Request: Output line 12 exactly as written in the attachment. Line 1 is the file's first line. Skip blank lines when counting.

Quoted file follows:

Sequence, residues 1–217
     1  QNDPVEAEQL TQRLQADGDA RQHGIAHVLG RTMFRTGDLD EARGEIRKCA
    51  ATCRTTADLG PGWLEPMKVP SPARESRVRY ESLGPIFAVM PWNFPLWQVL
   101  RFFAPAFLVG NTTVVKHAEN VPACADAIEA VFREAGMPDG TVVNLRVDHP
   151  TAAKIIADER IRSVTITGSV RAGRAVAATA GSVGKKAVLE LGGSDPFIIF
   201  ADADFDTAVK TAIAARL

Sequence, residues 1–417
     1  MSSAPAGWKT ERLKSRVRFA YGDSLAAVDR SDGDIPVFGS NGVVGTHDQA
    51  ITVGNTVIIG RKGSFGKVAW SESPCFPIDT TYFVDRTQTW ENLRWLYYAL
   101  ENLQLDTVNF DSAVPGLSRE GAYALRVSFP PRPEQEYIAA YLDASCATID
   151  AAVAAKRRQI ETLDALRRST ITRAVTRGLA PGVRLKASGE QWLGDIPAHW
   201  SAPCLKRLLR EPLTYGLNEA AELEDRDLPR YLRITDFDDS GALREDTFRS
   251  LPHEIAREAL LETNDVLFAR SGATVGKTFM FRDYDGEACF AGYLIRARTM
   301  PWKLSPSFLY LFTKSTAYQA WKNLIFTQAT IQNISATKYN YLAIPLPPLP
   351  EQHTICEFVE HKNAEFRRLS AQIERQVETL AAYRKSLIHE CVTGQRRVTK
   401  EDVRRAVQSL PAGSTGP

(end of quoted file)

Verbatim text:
   201  SAPCLKRLLR EPLTYGLNEA AELEDRDLPR YLRITDFDDS GALREDTFRS